Co-counselling is about doing, about sharing, healing and power. Its original ideas however stems from academic humanistic psychology, mixed with ideas from cognitive-behavioural therapy, positve psychology and other approaches
'The only person who is educated is the one who has learned how to learn and change.'
Co-counselling International in the UK was started by John Heron in the mid-Seventies. He was part of
Co-counselling International in the UK was started by John Heron in the mid-Seventies. He was part of the humanistic school of psychology. Humanistic Psychology also includes well known people such as Abraham Maslow of hierarchy of need fame and Carl Rogers, famous as a counsellor.
People are basically OK
Humanistic psychology became popular in the 1970s but its roots go back to the 1950s and before. It developed at a time when the two main schools of psychology both had a limited view of human beings e.g .Freud and Behavorism. Psychologists up to this point had tended to focus on learning about people in terms of problems e.g. mental illness. Humanistic psychology on the other hand was interested in people who were successful, rounded human beings. What could be learnt from them? As a result it takes a much more positive view of men and women. It believes they have the potential to be loving, lovable, co-operative and smart if their basic needs are met. These needs are physical, emotional and social.
People can run their own lives
Humanistic psychology has not only influenced therapy but how businesses, schools and government organisations are run. Many are now less hierarchical and give everyone involved in them more chance to influence how they are run. Co-counselling takes this to its natural conclusion by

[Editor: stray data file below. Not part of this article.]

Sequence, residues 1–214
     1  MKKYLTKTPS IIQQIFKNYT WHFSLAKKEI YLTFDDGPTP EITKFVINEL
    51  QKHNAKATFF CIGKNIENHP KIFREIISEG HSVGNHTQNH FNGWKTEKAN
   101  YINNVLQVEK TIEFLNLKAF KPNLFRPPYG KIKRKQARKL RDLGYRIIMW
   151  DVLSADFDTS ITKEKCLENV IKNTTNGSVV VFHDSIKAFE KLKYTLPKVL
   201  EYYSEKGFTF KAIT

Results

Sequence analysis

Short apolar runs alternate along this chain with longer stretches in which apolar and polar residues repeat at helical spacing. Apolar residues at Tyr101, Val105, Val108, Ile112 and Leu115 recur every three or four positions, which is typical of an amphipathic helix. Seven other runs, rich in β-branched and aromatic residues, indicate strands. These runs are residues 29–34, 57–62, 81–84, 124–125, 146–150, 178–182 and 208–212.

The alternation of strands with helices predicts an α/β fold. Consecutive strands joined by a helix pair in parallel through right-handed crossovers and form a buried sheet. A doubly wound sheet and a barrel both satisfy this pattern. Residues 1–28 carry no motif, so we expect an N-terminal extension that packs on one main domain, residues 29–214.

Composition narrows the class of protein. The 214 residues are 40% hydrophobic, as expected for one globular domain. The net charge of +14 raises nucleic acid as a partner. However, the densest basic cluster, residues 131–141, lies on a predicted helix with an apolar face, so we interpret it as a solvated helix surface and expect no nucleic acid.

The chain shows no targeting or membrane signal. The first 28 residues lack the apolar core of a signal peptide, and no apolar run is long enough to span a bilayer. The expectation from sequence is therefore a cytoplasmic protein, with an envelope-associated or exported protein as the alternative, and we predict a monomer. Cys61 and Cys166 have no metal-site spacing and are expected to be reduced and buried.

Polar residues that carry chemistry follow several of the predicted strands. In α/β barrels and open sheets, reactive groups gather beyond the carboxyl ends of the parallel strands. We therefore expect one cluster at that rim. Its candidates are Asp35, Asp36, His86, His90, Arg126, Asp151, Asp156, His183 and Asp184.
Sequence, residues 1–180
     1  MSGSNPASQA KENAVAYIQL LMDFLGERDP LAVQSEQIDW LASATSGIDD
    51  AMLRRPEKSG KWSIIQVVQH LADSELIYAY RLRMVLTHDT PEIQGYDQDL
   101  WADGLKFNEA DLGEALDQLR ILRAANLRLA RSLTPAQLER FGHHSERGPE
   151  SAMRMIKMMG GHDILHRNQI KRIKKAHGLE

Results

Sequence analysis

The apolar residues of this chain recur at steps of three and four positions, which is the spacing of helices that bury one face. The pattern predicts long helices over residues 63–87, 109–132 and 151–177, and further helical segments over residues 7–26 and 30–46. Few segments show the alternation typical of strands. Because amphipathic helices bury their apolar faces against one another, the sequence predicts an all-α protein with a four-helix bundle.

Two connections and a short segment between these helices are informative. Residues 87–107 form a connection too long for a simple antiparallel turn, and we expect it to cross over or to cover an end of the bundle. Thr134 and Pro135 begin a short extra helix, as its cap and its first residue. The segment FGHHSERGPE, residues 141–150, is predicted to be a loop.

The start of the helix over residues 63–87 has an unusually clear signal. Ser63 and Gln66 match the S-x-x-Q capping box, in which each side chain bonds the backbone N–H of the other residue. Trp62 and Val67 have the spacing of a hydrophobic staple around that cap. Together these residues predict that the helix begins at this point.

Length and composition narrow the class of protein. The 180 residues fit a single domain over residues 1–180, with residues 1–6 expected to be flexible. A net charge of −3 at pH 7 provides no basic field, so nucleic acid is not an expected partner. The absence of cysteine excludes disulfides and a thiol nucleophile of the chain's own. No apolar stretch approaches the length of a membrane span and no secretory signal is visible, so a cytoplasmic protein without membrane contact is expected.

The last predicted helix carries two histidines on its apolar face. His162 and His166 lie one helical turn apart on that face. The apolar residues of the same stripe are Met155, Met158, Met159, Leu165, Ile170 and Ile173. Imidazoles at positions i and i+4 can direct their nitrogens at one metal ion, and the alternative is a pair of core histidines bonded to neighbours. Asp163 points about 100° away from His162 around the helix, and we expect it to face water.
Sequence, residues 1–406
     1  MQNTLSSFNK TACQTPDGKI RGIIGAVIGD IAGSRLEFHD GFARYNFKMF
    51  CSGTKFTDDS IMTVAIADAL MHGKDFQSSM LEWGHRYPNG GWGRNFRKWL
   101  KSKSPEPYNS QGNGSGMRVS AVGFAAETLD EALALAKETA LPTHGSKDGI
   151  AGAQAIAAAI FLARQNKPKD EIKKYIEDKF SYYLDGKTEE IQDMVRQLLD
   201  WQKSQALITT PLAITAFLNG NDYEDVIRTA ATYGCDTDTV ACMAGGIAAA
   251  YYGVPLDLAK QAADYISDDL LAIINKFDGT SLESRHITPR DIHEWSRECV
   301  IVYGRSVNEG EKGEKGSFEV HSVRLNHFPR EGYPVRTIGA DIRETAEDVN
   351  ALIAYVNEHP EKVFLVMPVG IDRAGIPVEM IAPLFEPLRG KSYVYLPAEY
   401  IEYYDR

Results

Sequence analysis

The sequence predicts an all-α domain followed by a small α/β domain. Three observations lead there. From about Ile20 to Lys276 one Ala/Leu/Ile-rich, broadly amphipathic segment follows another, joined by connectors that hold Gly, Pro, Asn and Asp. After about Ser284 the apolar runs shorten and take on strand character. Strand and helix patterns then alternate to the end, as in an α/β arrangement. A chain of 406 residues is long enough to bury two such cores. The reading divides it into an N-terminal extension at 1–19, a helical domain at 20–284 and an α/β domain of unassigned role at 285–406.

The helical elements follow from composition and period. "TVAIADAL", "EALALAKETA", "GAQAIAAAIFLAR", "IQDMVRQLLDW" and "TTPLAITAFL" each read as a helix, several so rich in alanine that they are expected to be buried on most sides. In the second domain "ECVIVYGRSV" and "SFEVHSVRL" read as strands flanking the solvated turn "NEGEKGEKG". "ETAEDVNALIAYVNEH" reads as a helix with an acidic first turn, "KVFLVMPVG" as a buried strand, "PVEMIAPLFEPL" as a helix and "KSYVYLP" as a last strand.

Making the counsellor and client equal by swapping roles
Having no leaders at events but instead creating structures and support mechanisms to allow everyone to participate and fantastic things to happen
If you want to read more about humanistic psychology and to a lesser extent co-counselling try 'Ordinary Ectasy' by John Rowan. The third edition was published by Routledge in 2001. Not always an easy read at times but it does give a good overview.
A simpler to understand book but no less powerful for that is 'The Mind Gynasium' by Denis Postle. It was originally published by Gaia Books in 1989.
'In Our Own Hands' is another good introduction. It is by Sheila Ernst and Lucy Goodison and published by The Women's Press.
However, despite these books and the many manuals about CCI, the book that for me captures the spirit of co-counselling the best is 'When Nietzsche Wept.' This is by Irvin D. Yallom and is set in Nineteenth Century Vienna long before CCI was formed. It is a fictional acccount of an imaginary series of meetings between the philosopher Friedrich Nietzsche and doctor Josef Breuer.
The theories they share about human nature reminded me of co-counselling, as did many of the techniques they developed. Most of all the book evoked in me a sense of remembered wonder and excitement at the power of sharing, discovery and growth possible in a safe environment. I felt like I was reliving my initial
co-counselling training or other following workshops.
CBT and Positive Psychology
Although the values of co-counselling are from humanistic psychology many of it's techniques are borrowed from other approaches. Cognitative-behavourial therapy (CBT) is very popular within the British health service, partly because its effectiveness is well researched. Positive psychology is another relatively new approach which is becoming popular. Co-counselling borrows or echoes all of these approaches. In practice it helps
Look at the past to see how it still impacts on your life
Live in the present
Make new plans for the future
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